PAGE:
So, the cartoon-like character of the city began to take hold of my imagination. I subsequently began to read news articles, journal articles, and books about New Brunswick.
An anecdote that I encountered, while in Saint John, was that if a person reads an Irving newspaper every day, it’s bound to have an impact on that person’s perception of reality. That is an apt observation.
A 2010 Journal of New Brunswick Studies article by Julian H. Walker is entitled: “The Once and Future New Brunswick Free Press.”
You can access a PDF of the article at the link in the previous sentence or you can access it here:
An excerpt, which serves as an introduction to the article, and which sets the scene for an understanding of the current, cartoon-like print media environment in New Brunswick, reads:
The Theory of the Free Press
The pioneers of the free press advanced the notion that free speech and the free press are essential elements of liberal democracy. As early as 1644, the English poet John Milton argued that truth can only prevail where there is a free exchange of ideas . Thus, the diligent work of one strong thinker working alone in his or her attic will not produce truth. The key is interaction, opposing viewpoints, and debate.
The nineteenth-century philosopher John Stuart Mill is perhaps best known for his concept of a “free marketplace of ideas,” where great ideas and opinions compete on their merits. It is a noble concept that nonetheless lacks a sense of who controls the flow and nature of ideas — in other words, who has power. If Mill’s “marketplace” is governed at all, it is by something akin to economist Adam Smith’s “invisible hand,” where the forces of supply and demand guide capitalism . But a closer reading reveals that Mill has in mind a much more rigourous marketplace:
However unwillingly a person who has a strong opinion may admit the possibility that his opinion may be false, he ought to be moved by the consideration that, however true it may be, if it is not fully, frequently, and fearlessly discussed, it will be held as a dead dogma, not a living truth .
Mill offers a path for modern-day journalism: so that we are not left with “dead dogma,” full, frequent, and fearless debate should be the order of the day. Bold and diverse voices provide the best path to truth. In the media today we often look to the “quality” newspaper or broadcast outlet for comfort that the press is strong and effective, but, reading Mill, it is the variety of outlets, the unruly competition among them, and the ardour of the debaters that offer the better road to quality journalism and truth. Many would point to the Internet as providing this degree of diversity today, reducing the lack of competition in traditional media to be a matter of little concern. Mill would certainly argue for the most rigourous possible environment, one featuring competition at all levels: the Internet, the traditional media, and the blended Internet and traditional media. Mill would argue just as forcefully today for unfettered discussion and the search for the “living truth.”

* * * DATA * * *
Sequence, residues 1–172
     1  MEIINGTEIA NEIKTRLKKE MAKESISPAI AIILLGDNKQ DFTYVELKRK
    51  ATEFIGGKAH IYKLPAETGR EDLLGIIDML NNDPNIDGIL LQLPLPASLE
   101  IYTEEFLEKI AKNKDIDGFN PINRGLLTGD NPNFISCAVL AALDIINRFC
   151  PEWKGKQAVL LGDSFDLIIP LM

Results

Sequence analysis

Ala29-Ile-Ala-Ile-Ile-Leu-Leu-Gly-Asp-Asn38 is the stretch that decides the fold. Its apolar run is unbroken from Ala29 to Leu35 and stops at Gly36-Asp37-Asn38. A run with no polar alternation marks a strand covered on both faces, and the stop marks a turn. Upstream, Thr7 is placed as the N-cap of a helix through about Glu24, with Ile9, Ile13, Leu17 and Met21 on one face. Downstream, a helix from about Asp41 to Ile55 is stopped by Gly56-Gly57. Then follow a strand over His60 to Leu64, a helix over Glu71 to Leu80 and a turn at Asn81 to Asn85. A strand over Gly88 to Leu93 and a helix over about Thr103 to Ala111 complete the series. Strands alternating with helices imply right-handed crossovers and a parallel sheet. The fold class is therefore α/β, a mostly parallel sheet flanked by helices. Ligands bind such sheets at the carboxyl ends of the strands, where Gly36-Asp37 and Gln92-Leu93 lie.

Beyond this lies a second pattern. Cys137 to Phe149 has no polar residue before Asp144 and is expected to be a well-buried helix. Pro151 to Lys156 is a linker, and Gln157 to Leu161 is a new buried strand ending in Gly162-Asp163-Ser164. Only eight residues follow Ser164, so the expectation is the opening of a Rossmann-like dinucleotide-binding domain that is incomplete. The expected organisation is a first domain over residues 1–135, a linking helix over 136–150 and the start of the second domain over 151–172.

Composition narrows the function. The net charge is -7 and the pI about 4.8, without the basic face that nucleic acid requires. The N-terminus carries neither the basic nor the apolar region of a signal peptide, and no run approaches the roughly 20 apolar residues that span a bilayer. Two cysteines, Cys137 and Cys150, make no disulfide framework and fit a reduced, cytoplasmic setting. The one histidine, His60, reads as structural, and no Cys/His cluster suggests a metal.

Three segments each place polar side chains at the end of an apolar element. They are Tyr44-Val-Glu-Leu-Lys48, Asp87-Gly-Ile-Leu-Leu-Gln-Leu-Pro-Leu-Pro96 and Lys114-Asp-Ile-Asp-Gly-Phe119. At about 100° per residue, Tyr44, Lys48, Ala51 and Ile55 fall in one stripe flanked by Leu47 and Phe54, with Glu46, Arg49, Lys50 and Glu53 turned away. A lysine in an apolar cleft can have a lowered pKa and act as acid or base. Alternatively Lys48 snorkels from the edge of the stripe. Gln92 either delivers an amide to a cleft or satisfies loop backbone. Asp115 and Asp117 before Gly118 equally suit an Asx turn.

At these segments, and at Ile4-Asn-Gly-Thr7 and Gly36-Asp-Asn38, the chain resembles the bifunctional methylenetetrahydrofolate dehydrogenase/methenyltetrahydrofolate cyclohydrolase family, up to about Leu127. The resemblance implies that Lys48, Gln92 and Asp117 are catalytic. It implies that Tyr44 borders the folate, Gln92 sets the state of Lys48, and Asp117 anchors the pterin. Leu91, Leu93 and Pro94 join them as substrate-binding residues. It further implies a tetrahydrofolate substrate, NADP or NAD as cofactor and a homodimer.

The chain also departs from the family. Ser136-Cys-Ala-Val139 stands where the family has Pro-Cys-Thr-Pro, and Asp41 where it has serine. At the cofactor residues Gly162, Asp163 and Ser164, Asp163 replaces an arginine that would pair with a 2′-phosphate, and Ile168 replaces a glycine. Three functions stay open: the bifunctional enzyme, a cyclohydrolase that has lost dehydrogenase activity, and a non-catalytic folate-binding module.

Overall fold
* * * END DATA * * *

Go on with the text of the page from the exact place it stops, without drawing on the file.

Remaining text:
Media theorists Robert Martin and G. Stuart Adam argue there is a strong link between a society based on free expression and debate and a democratic one. Referring to Canada, Great Britain, and the United States, Martin and Adam argue:
The democratic tradition recognizes the right to know, to speak and to express opinions without first seeking the permission of authorities and without the risk that the law will be used to forbid or punish the exercise of the right. The understanding is that free expression is so fundamental to democratic societies that it can be limited only for clear and pressing reasons. There cannot be democracy if the right to criticize is not secure; nor can democracy exist if governments possess the power to define the meaning of events and values. Accordingly, the notion of freedom of expression in liberal democracies includes the belief that the state has no right to abrogate this fundamental freedom .
The tie between free expression and democracy is vital, and the right to criticize is essential in a healthy democracy. Martin and Adam argue that governments cannot dominate and define the debate. In New Brunswick’s recent debate over the sale of NB Power, there was at least a perception of a triangle of mutual interest among the Irving industrial empire, the media conglomerate owned by the industrial empire, and the provincial government. In the case of such an aligning of the stars, it is the media that must break away and provide the scrutiny, the criticism, and the forum for public debate. In this case, while some good work was done, the Irving media in the NB Power debate took an uncritical role, overall, toward its owners, the large industrial power users, and the government of the day.
[End of excerpt]
Above-noted excerpt features following notes:
8 John Milton, Areopagetica. 1644. Intro. Albert C. Baugh and George William McLelland, Ed. English Literature. (New York: Appleton-Centure-Crofts Inc., 1954).
9 Adam Smith, “An Inquiry into the Nature and Causes of the Wealth of Nations.” The Journalist’s Moral Compass. ed. Stephen R. Knowlton and Patrick R. Parsons (Westport, Conn.: Praeger, 1995), 159- 164.
10 John Stuart Mill, On Liberty. 1859. ed. Knowlton and Parsons. Ibid., 76.
11 Robert Martin and G. Stuart Adam, A Sourcebook of Canadian Media Law. (Ottawa: Carleton UP: 1994), Chap.1. 1-5.